Thinking an artist has money because they’re signed to a label is like calling someone rich because they have a credit card.
That is EXACTLY what it is.
Labels are fantastic, because they’re the only institutions crazy enough to lend artists money. But if you’re like me, you probably don’t treat your $10,000 credit limit like money in the bank. At least I hope you don’t.
It frustrates me that people in the industry will charge an artist more because they know that a “bank” (for all intents and purposes) is backing them. As if money borrowed doesn’t have to be repaid with interest. It’s one thing for the masses not to realize that money lent to the artists eventually comes out of the artists’ own pocket. It’s another thing for people within the industry to pretend like they’re not taking advantage of the artist when they ask the label for more money.
I’m going on tour in March. A nationwide tour. A bigass, nationwide tour with a full band and everything. And the truth is I could ask my label to front some cash for it. I could also buy a boat and put it on my credit card. These are things that I could do. But accumulating debt in any area of my finances will always be a last resort. Instead of borrowing money, I’m going to do what a healthy business would do: work within my budget and offer services in exchange for goods. I know: it’s a crazy concept. Why would you choose to work for something if you can just get a loan?
A time may come when I need to ask the label for tour support, but now is not that time. Now is the time to ask myself what I can offer people in exchange for my skills. I have a few ideas, and I’m working round-the-clock to make them happen. Right now my main focus is what experiences I can offer fans, and what services I can offer companies in exchange for sponsorship.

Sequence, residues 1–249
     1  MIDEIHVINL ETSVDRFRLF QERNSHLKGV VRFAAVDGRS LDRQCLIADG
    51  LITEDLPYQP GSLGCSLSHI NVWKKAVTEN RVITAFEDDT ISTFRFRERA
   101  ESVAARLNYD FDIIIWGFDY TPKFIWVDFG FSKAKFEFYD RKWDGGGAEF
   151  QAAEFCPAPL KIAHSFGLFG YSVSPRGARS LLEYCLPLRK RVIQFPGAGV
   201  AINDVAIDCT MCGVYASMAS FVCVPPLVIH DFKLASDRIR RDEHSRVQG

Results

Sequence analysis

If you have a problem with corporate sponsorship, you really need to get over it. From Michelangelo and the Vatican, to Michael Jackson and Pepsi, to Pomplamoose and Hyundai: artists have always had and will always need patrons. Maybe you are of the opinion that art should never debase itself to the point of product promotion. That is your opinion, and I hope that you are personally willing to sponsor all of the artists who cannot make a living off of touring and album sales alone.
Personally, I’d rather support an artist who works hard to get their art noticed: who isn’t afraid to ask for favors, to work with people, to write a few jingles, to make a few videos. My goal so far has been to make a living as a full-time artist, and so far I’ve been fortunate enough - thanks to my fans, my label and some licensing opportunities - to be living that reality. But it is a reality: I’m not “living the dream.” I’m not taking vacations and getting weekly massages in between radio interviews and televised performances from space. I’m just working hard every day and hoping that the sweat will continue to pay off.
Fortunately, it’s not all work. Sometimes I get to play too! Like this tour coming up. That’s going to be a lot of fun. You should check out my Tour page for show info and ticket links. My wonderful friend and talented songstress, Lauren O’Connell will be playing with me. We just put out this video to announce our month-long tour that begins in March. You better be there.
Seriously. Playing for you guys is what makes this whole thing worthwhile.